Japan Foreclosed Property 2015-2016 - Buy this 5th edition report!

Over the years, this ebook has been enhanced with additional research to offer a comprehensive appraisal of the Japanese foreclosed property market, as well as offering economic and industry analysis. The author travels to Japan regularly to keep abreast of the local market conditions, and has purchased several foreclosed properties, as well as bidding on others. Japan is one of the few markets offering high-yielding property investment opportunities. Contrary to the 'rural depopulation' scepticism, the urban centres are growing, and they have always been a magnet for expatriates in Asia. Japan is a place where expats, investors (big or small) can make highly profitable real estate investments. Japan is a large market, with a plethora of cheap properties up for tender by the courts. Few other Western nations offer such cheap property so close to major infrastructure. Japan is unique in this respect, and it offers such a different life experience, which also makes it special. There is a plethora of property is depopulating rural areas, however there are fortnightly tenders offering plenty of property in Japan's cities as well. I bought a dormitory 1hr from Tokyo for just $US30,000.
You can view foreclosed properties listed for as little as $US10,000 in Japan thanks to depopulation and a culture that is geared towards working for the state. I bought foreclosed properties in Japan and now I reveal all in our expanded 350+page report. The information you need to know, strategies to apply, where to get help, and the tools to use. We even help you avoid the tsunami and nuclear risks since I was a geologist/mining finance analyst in a past life. Check out the "feedback" in our blog for stories of success by customers of our previous reports.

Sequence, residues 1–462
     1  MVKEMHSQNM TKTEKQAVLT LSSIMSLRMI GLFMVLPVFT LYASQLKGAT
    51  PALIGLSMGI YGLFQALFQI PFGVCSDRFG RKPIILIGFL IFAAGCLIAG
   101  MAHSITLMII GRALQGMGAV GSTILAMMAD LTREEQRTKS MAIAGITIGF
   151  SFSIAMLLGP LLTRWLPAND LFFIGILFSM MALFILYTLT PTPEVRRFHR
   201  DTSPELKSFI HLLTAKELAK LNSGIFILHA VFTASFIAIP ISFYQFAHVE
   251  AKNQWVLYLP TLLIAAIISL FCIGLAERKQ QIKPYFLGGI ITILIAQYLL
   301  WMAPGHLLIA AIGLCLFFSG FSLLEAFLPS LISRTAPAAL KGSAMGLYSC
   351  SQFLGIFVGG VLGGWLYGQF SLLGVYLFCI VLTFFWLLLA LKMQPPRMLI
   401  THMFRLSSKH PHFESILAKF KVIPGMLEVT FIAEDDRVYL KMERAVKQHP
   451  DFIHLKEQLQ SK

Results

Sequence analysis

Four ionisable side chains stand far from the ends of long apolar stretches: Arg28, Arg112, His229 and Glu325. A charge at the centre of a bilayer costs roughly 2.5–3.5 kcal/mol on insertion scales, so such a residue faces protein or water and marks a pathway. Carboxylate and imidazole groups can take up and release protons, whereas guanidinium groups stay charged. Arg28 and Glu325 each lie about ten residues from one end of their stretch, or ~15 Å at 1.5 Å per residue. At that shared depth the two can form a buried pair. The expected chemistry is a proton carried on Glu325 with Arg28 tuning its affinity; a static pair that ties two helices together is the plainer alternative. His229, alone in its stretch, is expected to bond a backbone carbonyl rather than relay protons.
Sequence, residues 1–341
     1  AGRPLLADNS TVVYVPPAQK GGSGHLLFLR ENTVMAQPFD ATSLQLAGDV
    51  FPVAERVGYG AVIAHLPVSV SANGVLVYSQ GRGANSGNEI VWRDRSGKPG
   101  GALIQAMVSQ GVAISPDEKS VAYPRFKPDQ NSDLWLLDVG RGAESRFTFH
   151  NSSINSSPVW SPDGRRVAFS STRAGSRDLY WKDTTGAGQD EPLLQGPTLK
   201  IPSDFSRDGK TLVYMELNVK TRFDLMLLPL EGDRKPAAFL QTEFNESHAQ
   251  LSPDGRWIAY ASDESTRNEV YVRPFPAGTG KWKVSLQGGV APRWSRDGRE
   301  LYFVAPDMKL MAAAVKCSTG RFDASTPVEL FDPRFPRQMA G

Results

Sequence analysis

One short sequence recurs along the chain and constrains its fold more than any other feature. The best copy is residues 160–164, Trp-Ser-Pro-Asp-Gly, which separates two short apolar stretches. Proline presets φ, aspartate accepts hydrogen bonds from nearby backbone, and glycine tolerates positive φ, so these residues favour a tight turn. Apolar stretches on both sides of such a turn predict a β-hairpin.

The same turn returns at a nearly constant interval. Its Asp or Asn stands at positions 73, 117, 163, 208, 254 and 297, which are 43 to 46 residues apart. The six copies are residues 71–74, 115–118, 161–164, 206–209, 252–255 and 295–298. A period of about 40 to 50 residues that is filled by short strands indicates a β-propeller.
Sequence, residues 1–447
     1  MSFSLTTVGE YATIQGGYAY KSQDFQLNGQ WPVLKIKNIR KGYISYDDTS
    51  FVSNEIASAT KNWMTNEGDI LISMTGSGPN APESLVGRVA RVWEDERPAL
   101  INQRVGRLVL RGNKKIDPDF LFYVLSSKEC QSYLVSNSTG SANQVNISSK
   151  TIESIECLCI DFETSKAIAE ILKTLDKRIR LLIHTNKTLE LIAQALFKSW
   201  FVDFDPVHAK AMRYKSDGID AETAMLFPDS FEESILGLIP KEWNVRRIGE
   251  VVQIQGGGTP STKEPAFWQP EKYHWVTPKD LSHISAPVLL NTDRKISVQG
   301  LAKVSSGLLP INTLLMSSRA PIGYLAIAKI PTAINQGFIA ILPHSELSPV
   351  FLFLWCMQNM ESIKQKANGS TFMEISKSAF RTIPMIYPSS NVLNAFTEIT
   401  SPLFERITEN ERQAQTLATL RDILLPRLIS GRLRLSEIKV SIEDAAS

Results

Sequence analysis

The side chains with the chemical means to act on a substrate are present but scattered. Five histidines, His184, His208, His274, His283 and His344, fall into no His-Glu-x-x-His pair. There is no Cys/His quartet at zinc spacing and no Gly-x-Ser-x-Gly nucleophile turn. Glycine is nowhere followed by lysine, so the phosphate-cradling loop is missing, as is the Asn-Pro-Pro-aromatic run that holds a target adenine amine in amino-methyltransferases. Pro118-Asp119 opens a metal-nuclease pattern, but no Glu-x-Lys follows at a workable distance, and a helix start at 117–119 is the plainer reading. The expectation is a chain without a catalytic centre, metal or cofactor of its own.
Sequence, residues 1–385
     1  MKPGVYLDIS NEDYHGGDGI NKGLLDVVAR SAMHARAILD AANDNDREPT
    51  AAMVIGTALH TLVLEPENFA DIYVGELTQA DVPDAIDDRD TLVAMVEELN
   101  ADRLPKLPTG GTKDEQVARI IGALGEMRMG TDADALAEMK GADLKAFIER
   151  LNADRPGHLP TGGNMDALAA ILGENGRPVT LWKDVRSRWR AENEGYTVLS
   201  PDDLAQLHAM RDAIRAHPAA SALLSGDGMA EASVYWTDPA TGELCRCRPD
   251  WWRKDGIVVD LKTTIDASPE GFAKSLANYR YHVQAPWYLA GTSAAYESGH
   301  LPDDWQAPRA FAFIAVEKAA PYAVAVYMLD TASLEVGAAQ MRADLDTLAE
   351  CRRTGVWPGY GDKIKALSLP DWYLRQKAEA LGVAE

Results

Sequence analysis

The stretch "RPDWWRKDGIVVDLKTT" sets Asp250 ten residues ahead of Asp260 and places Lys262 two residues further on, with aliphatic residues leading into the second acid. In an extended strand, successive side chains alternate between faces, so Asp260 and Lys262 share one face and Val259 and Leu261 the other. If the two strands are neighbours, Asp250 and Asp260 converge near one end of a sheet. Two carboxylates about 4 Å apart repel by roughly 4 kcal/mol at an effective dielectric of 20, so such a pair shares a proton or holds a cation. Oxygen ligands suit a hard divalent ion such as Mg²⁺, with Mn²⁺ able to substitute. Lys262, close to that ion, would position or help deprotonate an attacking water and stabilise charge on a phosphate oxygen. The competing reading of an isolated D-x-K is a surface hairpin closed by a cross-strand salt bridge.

Download Table of Contents here.

Friday, February 12, 2010

The job opportunities in the Philippines

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The appeal of the Philippines is that it is like no other country. Consider its unique features:
1. The people is English speaking - only the poorest cannot understand much. They have good fluency and they even have the American accent. There is of course a learning curve for Filipinos to take on more value-added roles, but expect in a number of years for Filipinos to be performing a number of your business outsourcing roles, e.g. accounting, sales, telephone technical support, etc.
2. The people are amicable - they have a positive and friendly personality; and more generally they have values not too far removed from the Western world; at least compared to the rest of Asia. This makes them particularly well suited to sales tele support roles. I recall a Telstra call promoting their telco services in Australia. My father answered the call, and was having a pushy Indian trying to cajole him to buy some service.